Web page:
Some aquarists may purchase a low-cost water test kit to check the water parameters. However, these kits typically only test for the essential factors.

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Why Is My Birds Nest Coral Losing Colour

Too much light causes the flesh to burn and turn white, eventually leading to algae growth. That’s when the area goes dark. Other explanations could exist, but parameters are usually the case before the light factor.

Why Is My Birds Nest Coral Turning Brown

When the numbers of red/brown zooxanthellae increase, browning takes place. This happens due to excess nutrients in the tank, excess stress, or insufficient brightness levels. The brown frequently obscures the vibrant colors within the tissue that we seek.

Are Birds Nest Coral Hard To Look After

Corals are more challenging to keep than saltwater fish, so if you want to add these critters to your aquatic habitat, researching their food demands, light needs, appropriate temperature, and other requirements will come in handy.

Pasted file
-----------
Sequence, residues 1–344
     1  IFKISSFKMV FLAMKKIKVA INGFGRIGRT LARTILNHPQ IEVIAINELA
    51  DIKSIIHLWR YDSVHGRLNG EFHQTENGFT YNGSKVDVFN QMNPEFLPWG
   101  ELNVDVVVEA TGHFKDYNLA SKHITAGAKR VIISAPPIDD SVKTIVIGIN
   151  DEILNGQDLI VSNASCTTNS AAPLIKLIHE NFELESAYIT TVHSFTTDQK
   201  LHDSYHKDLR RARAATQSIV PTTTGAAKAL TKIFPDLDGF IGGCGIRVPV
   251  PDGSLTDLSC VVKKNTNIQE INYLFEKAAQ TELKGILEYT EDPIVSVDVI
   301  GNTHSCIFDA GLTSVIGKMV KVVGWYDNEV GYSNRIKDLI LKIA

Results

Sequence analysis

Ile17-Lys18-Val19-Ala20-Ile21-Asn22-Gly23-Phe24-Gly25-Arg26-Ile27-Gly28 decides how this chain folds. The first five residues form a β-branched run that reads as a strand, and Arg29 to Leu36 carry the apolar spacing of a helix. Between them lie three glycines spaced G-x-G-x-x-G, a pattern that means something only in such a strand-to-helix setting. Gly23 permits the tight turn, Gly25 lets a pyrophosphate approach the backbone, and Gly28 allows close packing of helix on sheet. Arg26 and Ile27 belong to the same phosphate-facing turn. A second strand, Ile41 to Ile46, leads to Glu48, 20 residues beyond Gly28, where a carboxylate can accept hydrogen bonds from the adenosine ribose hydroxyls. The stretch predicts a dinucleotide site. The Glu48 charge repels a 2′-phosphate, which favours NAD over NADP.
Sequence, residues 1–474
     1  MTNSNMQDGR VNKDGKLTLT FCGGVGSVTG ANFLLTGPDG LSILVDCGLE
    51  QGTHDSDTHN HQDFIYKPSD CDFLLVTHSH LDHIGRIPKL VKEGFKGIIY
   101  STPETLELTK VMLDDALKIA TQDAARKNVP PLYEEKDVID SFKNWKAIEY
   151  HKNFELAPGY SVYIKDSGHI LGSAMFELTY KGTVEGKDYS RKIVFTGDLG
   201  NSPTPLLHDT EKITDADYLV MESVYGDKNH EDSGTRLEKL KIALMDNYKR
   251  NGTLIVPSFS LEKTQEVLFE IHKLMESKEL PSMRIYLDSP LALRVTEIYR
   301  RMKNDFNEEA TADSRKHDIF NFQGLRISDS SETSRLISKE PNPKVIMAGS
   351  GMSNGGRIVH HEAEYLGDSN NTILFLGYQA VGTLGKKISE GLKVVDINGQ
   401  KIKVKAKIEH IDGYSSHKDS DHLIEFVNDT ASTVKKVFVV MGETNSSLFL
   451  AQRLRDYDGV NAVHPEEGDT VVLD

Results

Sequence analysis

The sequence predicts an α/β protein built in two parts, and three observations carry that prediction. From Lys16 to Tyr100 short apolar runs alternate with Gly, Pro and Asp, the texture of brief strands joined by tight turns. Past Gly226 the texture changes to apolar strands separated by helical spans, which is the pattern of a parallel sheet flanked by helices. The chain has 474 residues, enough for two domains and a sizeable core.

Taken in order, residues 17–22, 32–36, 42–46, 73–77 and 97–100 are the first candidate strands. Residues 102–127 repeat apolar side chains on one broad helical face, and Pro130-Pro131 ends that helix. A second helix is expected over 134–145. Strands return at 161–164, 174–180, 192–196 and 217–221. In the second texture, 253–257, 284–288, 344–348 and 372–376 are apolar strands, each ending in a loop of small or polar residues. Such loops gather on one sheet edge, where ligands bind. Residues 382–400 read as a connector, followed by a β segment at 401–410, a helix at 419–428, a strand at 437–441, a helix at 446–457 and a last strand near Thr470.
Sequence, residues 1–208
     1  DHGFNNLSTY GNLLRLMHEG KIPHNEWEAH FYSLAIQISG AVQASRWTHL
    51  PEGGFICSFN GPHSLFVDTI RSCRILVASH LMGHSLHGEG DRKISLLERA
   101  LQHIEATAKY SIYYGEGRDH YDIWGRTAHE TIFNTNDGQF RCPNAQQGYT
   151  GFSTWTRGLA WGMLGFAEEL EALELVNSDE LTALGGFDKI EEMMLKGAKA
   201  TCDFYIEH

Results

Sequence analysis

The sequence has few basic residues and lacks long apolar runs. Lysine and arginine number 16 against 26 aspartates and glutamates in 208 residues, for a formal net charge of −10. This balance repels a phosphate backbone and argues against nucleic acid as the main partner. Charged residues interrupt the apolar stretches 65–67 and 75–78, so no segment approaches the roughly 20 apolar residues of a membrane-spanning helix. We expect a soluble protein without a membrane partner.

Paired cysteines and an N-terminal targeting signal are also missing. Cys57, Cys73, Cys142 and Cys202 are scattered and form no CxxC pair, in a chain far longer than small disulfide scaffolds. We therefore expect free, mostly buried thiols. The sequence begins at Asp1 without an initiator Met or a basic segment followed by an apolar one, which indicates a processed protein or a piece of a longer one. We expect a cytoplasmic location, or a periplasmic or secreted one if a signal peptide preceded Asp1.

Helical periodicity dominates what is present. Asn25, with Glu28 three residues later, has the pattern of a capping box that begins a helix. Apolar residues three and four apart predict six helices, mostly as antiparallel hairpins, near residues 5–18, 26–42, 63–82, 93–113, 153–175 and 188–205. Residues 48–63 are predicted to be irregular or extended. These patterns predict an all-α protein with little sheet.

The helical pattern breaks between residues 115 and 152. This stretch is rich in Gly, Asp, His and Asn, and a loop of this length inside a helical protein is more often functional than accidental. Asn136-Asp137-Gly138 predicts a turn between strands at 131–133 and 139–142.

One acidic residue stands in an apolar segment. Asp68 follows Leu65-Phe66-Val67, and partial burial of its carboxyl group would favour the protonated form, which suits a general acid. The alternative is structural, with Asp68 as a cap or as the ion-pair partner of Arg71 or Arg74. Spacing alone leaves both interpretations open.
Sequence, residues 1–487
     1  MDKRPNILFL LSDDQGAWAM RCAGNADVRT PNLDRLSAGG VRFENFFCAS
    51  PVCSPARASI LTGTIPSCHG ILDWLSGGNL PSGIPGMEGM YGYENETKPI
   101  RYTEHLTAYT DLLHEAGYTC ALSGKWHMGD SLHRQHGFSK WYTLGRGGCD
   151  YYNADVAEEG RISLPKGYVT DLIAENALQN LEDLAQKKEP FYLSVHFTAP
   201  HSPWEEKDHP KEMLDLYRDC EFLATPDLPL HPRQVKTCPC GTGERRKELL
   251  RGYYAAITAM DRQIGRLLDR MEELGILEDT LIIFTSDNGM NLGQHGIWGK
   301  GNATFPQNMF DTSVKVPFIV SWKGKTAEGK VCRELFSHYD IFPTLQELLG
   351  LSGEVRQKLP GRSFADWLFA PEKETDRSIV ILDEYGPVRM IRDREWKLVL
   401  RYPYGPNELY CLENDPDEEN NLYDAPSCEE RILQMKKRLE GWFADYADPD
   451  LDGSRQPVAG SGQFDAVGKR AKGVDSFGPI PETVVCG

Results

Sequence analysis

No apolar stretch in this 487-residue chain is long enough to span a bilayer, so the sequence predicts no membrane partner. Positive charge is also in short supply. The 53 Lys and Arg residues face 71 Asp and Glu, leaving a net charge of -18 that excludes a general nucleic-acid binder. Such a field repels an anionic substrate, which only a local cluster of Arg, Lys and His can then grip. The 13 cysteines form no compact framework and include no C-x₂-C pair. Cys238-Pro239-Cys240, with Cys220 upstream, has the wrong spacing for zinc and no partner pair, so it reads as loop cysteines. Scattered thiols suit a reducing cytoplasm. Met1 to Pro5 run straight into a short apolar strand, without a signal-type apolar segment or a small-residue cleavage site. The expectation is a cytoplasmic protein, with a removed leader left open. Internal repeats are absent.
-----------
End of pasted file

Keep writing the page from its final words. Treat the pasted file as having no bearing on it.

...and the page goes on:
Birds’ nest corals make a beautiful addition to aquariums. But they are hard to cater to already. Having issues with them is just an extra headache.


We believe this well-researched piece will offer you a helping hand in caring for your Birds nest coral. Remember, parameters and maintenance measures may vary depending on the owners. But, it would help if you were careful of excess additions.

You can always refer to this guide if you need to handle your birds’ nest coral. Ensure you prevent them from turning white and help them maintain their beautiful appearance.

John Brandon

John has kept fish all his life (since he was about 5). He started with keeping guppies and fell in love with fish keeping almost straight away. That was 40 odd years ago. These days John still keeps fish and currently has two large tanks where he keeps many different types of fish such as Angelfish, Neon Tetras, Goldfish, Guppies and many more.